Mary - thanks for the nice note; appreciate you reading the weather column, and please send my thanks to your son, Paul, the very definition of a modern-day American Hero. We don't take his service for granted. Our prayers are with Paul and his remarkable family.
Photo credit above: ceoworld.biz.
The Facebook Illusion. Hey, I have nothing against FB or Mr. Zuckerburg; it's the classic (Harvard) rags-to-riches story, a subtle yet blunt reminder that anyone, in theory, can still get (very) rich in the good 'ol USA. Will we still all be using FB in 5 years? Probably. Is the company going to have a tough time making the dollars (especially mobile advertising dollars) match the hype? Not sure - they have their work cut out for them, but I'm not sure I'd bet against them right now. Here's an excerpt of a New York Times Op-Ed that may be of interest: "...I will confess to taking a certain amount of dyspeptic pleasure from Facebook’s hard landing, which had Bloomberg Businessweek declaring the I.P.O. “the biggest flop of the decade” after five days of trading. Of all the major hubs of Internet-era excitement, Mark Zuckerberg’s social networking site has always struck me as one of the most noxious, dependent for its success on the darker aspects of online life: the zeal for constant self-fashioning and self-promotion, the pursuit of virtual forms of “community” and “friendship” that bear only a passing resemblance to the genuine article, and the relentless diminution of the private sphere in the quest for advertising dollars."
A Quiet Week
I'm sure enjoying the last day of September! The summer went by quick, didn't it? I know, not funny.
I'm waiting for Garrison Keillor's creative crew to do a sketch about a mythical Lake Wobegon family unable and unwilling to come out of their basement. One too many tornado warnings.
Weather phobia is a real concern, especially for kids. Tornado trauma can inspire them to grow up to become meteorologists, in fact most TV forecasters were inspired by a storm, a flood or blizzard. No one with full command of their faculties sets out to guess the weather on a daily basis.
Breaking news: ClimateClimate reports we're about to crush the record for warmest spring, nationwide, since 1895.
So why is my furnace rumbling away this morning? Enjoy the cool front; this push of Canadian air will cause storms to detour south of Minnesota today. We warm up into the weekend; only an isolated shower Friday, maybe a T-storm up north by Sunday when highs top 80. No, this weekend won't be nearly as soggy as last. Dry, summerlike 80s return next week.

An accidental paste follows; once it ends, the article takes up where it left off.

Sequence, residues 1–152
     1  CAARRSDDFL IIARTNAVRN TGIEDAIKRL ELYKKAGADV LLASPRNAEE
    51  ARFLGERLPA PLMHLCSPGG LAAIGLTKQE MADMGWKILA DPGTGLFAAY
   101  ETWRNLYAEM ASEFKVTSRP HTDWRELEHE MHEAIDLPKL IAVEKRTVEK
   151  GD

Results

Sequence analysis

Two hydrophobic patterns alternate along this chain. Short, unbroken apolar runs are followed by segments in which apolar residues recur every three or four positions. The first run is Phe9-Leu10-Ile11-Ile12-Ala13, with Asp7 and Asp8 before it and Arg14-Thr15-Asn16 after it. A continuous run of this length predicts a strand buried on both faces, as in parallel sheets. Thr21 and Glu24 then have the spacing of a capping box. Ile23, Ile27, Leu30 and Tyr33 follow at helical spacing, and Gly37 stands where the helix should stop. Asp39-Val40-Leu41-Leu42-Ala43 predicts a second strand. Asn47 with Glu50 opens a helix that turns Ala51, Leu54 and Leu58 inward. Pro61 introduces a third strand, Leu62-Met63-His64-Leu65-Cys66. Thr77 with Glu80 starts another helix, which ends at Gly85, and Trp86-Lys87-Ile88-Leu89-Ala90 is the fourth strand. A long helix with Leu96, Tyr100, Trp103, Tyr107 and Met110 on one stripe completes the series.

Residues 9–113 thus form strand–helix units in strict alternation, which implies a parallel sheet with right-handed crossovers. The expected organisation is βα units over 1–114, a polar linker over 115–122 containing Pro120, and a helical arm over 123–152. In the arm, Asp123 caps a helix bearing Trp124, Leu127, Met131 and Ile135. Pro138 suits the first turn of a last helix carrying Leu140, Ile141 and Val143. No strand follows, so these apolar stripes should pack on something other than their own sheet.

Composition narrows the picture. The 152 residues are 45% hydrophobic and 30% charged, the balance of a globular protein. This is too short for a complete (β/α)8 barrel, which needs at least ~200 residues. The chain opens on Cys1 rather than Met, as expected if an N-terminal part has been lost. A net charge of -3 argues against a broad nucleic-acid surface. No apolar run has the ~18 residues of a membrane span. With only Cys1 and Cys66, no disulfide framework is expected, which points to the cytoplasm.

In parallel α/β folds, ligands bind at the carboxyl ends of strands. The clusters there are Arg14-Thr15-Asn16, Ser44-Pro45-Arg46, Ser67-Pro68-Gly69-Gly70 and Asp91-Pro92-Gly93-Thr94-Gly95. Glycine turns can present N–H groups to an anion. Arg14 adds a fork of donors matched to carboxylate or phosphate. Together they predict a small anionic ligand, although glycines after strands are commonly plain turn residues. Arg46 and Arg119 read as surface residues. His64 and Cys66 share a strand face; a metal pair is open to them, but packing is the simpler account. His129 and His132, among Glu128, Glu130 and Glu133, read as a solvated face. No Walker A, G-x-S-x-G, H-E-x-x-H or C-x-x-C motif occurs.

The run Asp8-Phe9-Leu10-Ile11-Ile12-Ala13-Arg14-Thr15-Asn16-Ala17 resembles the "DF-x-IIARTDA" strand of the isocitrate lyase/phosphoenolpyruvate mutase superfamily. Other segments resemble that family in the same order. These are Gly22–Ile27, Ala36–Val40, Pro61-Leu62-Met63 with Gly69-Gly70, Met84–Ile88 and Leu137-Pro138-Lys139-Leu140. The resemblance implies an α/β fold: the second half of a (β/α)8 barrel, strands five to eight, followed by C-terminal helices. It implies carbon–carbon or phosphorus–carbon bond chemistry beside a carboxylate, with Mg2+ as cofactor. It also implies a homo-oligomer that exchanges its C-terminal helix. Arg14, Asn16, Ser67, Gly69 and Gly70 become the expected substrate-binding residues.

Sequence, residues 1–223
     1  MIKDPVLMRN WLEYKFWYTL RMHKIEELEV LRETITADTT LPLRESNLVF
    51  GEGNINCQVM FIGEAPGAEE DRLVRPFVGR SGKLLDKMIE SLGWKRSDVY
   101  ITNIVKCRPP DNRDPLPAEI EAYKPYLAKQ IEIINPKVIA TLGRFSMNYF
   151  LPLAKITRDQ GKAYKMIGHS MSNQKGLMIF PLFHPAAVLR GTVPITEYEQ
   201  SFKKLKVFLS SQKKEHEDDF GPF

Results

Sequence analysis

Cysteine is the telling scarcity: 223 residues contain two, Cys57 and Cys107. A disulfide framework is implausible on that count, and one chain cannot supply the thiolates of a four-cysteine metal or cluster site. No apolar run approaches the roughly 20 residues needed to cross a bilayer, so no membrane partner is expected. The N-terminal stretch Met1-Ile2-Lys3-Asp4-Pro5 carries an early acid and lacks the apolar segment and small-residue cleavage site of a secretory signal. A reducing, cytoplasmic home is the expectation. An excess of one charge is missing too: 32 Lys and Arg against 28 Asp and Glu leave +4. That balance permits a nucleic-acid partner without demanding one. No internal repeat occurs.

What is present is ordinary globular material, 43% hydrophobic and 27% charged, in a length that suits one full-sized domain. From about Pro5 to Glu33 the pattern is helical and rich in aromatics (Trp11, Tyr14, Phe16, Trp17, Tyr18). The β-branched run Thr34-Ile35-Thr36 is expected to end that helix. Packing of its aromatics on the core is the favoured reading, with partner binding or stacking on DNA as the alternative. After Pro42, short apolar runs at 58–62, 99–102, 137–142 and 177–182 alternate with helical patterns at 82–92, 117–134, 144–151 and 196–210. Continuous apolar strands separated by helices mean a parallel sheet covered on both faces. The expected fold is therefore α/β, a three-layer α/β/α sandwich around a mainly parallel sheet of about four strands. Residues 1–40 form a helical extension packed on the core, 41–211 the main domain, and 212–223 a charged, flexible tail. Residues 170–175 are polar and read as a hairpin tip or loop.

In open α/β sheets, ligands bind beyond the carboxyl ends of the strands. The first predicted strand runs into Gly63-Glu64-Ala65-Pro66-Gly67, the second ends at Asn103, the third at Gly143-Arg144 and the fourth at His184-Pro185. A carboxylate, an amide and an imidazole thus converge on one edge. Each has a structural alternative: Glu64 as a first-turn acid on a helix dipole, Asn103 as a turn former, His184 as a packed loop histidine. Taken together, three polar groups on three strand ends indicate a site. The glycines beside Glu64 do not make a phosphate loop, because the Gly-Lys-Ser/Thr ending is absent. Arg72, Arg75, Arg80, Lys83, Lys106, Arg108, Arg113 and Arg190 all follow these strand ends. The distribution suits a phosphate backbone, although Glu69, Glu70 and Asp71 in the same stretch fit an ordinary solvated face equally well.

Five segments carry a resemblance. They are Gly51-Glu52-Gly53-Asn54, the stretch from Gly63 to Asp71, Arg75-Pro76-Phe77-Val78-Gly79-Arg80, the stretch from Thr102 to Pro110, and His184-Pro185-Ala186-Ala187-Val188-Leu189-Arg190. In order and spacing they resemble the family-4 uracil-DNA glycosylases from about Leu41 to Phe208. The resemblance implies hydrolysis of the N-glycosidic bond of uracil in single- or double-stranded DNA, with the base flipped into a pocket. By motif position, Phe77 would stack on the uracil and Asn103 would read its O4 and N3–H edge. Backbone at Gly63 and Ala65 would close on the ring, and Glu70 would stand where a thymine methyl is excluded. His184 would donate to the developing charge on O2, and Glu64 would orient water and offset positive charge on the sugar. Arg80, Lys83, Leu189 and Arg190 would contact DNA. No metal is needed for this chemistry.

Oh, about that imaginary, timid, storm-rattled family refusing to come out of the basement? Check the radon levels. That would be just my luck.
* photo credit here.
Sunscreen In The Sky? Reflective Particles May Combat Warming. Maybe it'll come to this - spraying chemicals into the atmosphere to counteract the influence of (warming) greenhouse gases. More and more credence is being given to "geo-engineering". Dumping more chemicals into the sky - what can possibly go wrong? Here's a more upbeat assessment from National Geographic: "Spritzing a sunscreen ingredient into the stratosphere could help counteract the effects of global warming, according to scientists behind an ambitious new geoengineering project. The plan involves using high-altitude balloons to disperse millions of tons of titanium dioxide—a nontoxic chemical found in sunscreen as well as in paints, inks, and even food. Once in the atmosphere, the particles would spread around the planet and reflect some of the sun's rays back into space. About three million tons of titanium dioxide—spread into a layer around a millionth of a millimeter thick—would be enough to offset the warming effects caused by a doubling of today's atmospheric carbon dioxide levels, according to project leader and chemical engineer Peter Davidson."
Can Market Forces Really Be Employed To Address Climate Change? Here's a story from The Huffington Post: "Debate continues in the United States, Europe and throughout the world about whether the forces of the marketplace can be harnessed in the interest of environmental protection, in particular, to address the threat of global climate change. In an essay that appears in the Spring 2012 issue of Daedalus, the journal of the American Academy of Arts and Sciences, my colleague, Joseph Aldy, and I take on this question. In the article — "Using the Market to Address Climate Change: Insights from Theory & Experience" — we investigate the technical, economic, and political feasibility of market-based climate policies, and examine alternative designs of carbon taxes, cap-and-trade, and clean energy standards."
Photo credit above: "The cities of the Harappan civilization were well constructed sophisticated affairs with a surprising number of modern conveniences such as plumbing."